Only two days after her beloved husband of 67 years passed away, "Miss Norma" discovered she had uterine cancer. The chances of curing the disease through aggressive chemotherapy were slim, so the 90-year-old Michigan woman decided to skip treatment and hit the open road for one more epic adventure.
Last September, together with her son and daughter-in-law, Miss Norma — also known as Norma Bauerschmidt — packed up an RV and set out across America. As documented on the Facebook page "Driving Miss Norma," the trip included several national parks (Yellowstone, Rocky Mountains, Grand Canyon), laughs in Disney World, a hot air balloon ride, whale watching in Florida, the Kennedy Space Center, and plenty of quiet beautiful moments. But on Sept. 30, the year-long trip came to an end when Miss Norma passed away at age 91.
"We've come around to the fact that this isn't even a sad story, at all," her daughter-in-law, Ramie Liddle, told The Washington Post. "There's nothing sad about it. It is the most graceful way to land. It was a soft landing. She used up every last ounce of her little body, and lived till the last moment."
According to Norma's family, reading the book "Being Mortal: Medicine and What Matters in the End" by Dr. Atul Gawande had a huge impact on their decision to embark on the adventure. In an interview with Spiegel, Gawande said his book has changed people's perceptions on end-of-life care –– and also raised a lot of questions for nursing home administrators forced to consider mental well-being as well as health.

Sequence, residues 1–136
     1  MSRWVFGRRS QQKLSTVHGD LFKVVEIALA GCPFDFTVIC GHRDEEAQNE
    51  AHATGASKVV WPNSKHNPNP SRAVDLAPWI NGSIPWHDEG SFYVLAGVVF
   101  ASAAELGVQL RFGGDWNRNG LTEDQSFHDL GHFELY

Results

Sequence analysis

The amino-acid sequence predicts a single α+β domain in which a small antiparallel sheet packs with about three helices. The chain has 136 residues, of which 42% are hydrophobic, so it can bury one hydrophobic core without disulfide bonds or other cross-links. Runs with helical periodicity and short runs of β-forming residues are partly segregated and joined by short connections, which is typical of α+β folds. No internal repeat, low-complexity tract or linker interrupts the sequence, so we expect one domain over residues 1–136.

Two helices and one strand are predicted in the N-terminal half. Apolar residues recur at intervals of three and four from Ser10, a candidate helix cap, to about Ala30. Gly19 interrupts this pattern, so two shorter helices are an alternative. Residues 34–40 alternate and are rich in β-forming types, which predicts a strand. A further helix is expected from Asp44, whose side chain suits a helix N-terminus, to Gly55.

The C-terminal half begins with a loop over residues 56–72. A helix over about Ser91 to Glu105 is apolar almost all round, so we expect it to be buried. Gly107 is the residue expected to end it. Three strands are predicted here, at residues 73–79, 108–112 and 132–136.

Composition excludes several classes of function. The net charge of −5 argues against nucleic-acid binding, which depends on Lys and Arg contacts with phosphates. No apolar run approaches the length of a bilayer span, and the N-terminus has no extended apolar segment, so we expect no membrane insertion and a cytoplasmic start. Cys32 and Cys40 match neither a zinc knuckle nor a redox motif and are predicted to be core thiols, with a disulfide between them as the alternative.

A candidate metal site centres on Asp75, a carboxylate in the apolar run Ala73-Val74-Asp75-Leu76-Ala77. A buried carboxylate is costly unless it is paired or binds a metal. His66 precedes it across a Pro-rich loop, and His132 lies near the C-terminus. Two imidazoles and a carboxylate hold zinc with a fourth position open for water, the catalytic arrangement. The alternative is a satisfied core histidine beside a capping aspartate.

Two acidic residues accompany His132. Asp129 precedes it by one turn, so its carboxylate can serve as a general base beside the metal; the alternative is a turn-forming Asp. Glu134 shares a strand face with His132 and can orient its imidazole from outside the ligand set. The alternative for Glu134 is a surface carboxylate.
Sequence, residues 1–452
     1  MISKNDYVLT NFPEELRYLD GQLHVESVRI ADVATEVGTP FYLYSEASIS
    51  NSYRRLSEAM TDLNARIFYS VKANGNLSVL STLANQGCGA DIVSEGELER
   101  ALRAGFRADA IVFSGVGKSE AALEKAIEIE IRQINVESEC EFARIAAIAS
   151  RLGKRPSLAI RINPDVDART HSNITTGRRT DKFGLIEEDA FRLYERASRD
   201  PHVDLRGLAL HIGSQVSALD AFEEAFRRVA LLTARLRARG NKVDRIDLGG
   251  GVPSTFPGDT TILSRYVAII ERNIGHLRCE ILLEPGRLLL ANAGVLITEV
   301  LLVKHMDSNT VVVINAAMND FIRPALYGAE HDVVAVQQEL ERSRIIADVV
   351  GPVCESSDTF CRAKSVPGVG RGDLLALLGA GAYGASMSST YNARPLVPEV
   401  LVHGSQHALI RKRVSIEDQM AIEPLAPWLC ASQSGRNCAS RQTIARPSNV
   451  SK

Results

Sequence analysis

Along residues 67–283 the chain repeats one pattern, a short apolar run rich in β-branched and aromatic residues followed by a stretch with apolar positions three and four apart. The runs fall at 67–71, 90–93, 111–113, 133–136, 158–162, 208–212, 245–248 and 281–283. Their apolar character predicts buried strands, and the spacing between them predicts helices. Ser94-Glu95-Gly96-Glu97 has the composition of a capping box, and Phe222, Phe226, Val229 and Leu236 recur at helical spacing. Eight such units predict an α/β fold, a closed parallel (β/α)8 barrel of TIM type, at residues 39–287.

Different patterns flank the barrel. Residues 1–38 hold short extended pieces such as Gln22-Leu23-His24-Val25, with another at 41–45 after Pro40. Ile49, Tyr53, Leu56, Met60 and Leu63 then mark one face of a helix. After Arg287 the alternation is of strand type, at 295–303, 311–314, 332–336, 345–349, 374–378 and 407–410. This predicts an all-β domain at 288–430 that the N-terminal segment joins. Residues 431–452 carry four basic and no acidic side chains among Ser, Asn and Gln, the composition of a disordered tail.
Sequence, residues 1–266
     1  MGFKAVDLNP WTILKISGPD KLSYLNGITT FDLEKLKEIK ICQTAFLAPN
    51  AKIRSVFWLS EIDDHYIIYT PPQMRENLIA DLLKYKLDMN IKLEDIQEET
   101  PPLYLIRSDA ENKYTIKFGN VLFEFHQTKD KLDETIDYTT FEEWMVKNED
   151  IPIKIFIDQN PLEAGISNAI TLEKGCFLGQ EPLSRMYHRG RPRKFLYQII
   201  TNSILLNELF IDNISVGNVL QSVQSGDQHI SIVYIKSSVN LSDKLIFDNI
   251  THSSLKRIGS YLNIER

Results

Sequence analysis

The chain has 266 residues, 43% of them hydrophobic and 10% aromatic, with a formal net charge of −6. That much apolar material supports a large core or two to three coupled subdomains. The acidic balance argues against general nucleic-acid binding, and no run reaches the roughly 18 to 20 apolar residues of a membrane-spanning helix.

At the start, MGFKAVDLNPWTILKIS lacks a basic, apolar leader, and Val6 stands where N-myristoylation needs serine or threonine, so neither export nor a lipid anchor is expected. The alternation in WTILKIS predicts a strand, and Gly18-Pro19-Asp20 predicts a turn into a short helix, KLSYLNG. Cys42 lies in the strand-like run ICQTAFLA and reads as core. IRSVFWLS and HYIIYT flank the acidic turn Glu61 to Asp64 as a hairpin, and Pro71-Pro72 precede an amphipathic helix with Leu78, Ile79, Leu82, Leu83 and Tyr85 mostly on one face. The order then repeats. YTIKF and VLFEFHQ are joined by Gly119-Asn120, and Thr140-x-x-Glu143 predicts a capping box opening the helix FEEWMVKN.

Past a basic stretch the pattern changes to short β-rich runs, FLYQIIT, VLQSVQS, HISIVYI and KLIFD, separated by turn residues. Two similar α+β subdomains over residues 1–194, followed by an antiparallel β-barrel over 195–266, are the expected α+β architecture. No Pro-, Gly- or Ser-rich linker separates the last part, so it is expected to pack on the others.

"I think the important question is: Do we want to create a medical institution to keep the old safe, or do we want to create a home?" he said. "Why don't we allow people to have cats and dogs when we know it gives them a purpose in life? Because it's usually not a caregiver's job to walk the dog when the owner no longer can. But shouldn't that be exactly what a nursing home helps you do? Make sure you live a good life all the way to the end?"
Norma's family hopes her story encourages others to deeply consider their own end-of-life choices.
Before her death, Little said, Miss Norma wrote down how she'd like to be remembered. "She wrote in her beautiful handwriting, that she was a nice person," Liddle told The Washington Post. "She cannot believe that the whole world is in love with her. That's beyond her comprehension. For me, I would like her to be remembered as someone who said yes to living, fully."
Editor's note: This story has been updated since it was originally published in March 2016.